Anderson attended the Phoenix Conservatory Of Music where he studied Music Engineering and put his education to “Grammy nomination worthy” use on Nothing More’s Grammy-nominated album The Stories We Tell Ourselves. We asked him if he is planning to take on that role for future albums and he said he would but not completely. “Right now we have a pretty good system going. I would have a template set up and print out recordings of what we were doing each day so we would have something to reference. I feel like, especially with the drums I was able to go through all the different takes and pick which one I wanted to use for which part of the song. I personally loved being able to have control and knowing what was going to be there. In terms of editing, I just remember that the person doing it was not a drummer or changing things to sound the way they shouldn’t sound, things like that. It’s just more time consuming” Anderson admits. “I took over most of the nitty gritty stuff and it takes a lot of time to go through each separate tracking for guitar and drums and then most of the bass was recorded through digital effects. We basically did it from home and interfaced with each other from our laptops. The most challenging part is the drums because it is hard to recreate what it really sounds like as opposed to being digitally added. Even with the good technology out there now, nothing is quite like real drums. The guitar and bass technology has gotten to be so good there is no real need to rent a studio for the day. At least that is how we feel. It is just a very creative process until we finish the song and put out an album. Johnny is the same way about his vocals as I am about my drums. He likes to be able to pick which parts to use and we also have our Manager, Will who is our “go to” guy. Even if we are pretty far along, he might recreate a different version of a part.”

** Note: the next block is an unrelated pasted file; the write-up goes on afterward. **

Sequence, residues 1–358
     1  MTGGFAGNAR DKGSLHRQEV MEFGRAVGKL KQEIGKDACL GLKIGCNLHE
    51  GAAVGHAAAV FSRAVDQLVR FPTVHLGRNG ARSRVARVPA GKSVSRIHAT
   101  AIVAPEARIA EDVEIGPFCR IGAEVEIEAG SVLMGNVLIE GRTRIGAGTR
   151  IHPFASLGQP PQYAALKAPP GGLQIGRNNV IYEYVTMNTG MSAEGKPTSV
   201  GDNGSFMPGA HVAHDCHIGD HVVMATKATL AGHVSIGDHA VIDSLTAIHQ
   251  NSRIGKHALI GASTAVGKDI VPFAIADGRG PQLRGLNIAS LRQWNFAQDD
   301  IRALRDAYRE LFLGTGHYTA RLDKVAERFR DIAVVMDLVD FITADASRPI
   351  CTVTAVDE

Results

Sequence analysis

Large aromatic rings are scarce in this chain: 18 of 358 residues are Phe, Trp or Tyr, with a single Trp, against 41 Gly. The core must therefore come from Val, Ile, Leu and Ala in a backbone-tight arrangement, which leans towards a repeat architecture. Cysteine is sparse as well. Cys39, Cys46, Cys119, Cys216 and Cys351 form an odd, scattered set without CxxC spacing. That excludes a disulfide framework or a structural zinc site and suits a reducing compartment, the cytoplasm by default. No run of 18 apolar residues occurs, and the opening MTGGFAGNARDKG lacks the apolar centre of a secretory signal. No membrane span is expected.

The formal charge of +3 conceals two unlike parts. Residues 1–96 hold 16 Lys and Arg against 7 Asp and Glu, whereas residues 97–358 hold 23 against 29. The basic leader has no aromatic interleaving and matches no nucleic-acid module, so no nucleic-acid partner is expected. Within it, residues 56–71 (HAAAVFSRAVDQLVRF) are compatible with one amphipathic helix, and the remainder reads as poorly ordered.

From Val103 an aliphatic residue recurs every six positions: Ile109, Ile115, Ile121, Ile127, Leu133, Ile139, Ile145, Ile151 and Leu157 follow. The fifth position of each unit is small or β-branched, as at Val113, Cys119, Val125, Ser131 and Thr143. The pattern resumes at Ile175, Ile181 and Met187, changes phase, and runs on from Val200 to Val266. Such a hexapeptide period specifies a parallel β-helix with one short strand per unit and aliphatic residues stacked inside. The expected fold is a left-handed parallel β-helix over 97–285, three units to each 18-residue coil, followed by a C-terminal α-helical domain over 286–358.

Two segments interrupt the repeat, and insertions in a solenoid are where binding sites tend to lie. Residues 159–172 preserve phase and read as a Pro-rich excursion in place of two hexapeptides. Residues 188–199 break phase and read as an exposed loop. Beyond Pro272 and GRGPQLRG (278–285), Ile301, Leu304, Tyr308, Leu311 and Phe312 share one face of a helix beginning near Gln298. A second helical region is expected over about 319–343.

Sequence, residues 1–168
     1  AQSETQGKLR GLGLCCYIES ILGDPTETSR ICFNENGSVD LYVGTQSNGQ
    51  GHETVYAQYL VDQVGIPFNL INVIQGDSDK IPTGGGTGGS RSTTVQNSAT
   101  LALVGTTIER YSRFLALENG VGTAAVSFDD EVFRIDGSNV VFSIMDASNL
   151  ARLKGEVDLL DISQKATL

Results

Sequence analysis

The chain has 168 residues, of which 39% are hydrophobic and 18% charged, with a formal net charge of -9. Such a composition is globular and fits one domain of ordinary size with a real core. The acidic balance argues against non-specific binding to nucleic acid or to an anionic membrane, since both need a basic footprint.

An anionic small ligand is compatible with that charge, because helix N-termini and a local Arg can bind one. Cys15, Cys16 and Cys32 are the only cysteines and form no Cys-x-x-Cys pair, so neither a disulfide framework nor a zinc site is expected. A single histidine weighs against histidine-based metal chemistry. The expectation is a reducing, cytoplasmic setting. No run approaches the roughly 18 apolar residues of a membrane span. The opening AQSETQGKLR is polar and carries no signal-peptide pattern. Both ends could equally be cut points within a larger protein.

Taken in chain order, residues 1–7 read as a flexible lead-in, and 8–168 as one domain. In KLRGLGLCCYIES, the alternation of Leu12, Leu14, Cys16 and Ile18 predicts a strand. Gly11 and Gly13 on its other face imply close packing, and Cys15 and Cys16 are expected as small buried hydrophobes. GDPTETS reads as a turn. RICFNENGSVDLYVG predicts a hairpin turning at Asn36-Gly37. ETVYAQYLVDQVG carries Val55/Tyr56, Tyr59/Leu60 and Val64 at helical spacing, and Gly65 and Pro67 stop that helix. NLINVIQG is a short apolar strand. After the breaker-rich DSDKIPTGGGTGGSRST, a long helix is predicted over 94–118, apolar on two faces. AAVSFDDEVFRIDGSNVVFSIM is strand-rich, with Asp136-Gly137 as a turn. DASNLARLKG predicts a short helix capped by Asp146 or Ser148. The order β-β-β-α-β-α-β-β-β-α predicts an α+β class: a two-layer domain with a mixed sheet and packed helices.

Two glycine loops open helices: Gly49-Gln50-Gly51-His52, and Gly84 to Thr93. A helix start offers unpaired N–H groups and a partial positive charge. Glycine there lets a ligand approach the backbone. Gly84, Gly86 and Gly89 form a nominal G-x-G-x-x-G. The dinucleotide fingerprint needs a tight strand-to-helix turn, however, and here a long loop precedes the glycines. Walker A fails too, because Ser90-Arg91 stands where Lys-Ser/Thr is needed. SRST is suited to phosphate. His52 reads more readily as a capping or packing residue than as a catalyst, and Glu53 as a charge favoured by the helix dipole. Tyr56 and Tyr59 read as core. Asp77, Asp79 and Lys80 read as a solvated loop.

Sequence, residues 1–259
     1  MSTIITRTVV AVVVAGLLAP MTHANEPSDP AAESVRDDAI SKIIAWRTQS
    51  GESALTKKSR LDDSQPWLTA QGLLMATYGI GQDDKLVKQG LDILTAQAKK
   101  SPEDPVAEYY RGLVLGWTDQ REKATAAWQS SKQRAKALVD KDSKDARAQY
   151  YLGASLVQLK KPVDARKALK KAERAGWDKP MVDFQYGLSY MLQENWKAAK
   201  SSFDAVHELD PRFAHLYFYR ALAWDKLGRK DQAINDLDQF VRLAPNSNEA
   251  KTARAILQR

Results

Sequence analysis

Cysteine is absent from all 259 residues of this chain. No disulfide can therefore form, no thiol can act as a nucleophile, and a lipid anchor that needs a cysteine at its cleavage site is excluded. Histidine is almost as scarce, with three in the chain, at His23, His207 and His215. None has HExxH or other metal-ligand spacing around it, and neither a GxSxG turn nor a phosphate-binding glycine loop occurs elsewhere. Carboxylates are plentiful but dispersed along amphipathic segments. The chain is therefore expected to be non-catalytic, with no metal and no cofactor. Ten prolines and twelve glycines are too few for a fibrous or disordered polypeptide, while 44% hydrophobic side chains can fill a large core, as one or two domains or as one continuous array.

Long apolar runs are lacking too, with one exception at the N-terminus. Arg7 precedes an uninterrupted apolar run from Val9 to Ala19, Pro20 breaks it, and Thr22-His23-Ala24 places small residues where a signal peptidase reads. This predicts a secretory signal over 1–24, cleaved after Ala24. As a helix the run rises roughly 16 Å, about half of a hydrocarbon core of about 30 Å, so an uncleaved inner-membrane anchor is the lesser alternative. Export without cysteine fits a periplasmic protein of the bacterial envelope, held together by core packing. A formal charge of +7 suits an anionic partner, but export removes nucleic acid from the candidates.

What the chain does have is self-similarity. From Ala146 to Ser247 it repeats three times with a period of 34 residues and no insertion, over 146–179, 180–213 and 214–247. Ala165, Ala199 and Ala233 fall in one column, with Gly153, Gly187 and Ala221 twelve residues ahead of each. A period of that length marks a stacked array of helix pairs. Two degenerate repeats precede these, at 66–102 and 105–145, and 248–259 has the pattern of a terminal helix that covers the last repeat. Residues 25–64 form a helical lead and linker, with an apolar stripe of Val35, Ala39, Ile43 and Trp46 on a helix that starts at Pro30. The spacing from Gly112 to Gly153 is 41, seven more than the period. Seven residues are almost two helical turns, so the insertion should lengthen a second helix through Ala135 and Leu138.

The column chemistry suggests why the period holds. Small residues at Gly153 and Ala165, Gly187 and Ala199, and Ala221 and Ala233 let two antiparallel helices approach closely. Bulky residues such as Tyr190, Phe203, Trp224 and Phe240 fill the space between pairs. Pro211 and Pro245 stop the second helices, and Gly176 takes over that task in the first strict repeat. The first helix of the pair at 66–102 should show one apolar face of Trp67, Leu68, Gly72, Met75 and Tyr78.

Music is Universal and it is the only thing that can stimulate the entire human brain at once. It is powerful and life can’t go on without it. In your car, in the store, in your office, on the beach, in the studio, at home, when you are sad or happy, working out or want to wind down…there is nowhere that music doesn’t have a place in. Music contributes things to the world that nothing else can. Anderson tells us “music is therapeutic in the unspoken sense. It gives everyone this internal feeling when they hear a song that fits what they are going through in life or a song by their favorite band. It is a comfort zone that you can go to. I cannot think of anything more powerful. But, simply put, music can inspire a flashback or motivation. One song can make you happy and the next can make you want to cry or be aggressive or calm.
Touring seems exciting from the outside looking in and musicians are away from their families and friends for days, weeks, months and even years at a time. It can also be taxing on their bodies and it is important to find ways to improve yourself and there is no one great secret to longevity in the music business. “Surrounding yourself with the right people is key. Make sure that you’re all on the similar mindset and definitely do not be afraid of criticism and don’t be your worst critic” Anderson conveys. “A lot of people are closed off from criticism and they get upset when you say something and they have worked on the song for 20 hours. It happens to me, it happens to all of us. The best advice I can give is to work on yourself and your craft and if you truly did write the best song in the World, you won’t have to convince anyone. Just be honest with yourself and those around you and be on the same page.”
As Nothing More continues to fill up their schedule with more tour dates, having just finished their run with Breaking Benjamin, Five Finger Death Punch and Bad Wolves they will be heading back out to Canada for the Outsider Tour with Three Days Grace and Fozzy and some intermittent shows like Shiprocked 2019. After that, Anderson said they will be pumping the brakes and start working on a new album. It will be exciting to hear what they come up with and see if they can lock down that Grammy next time.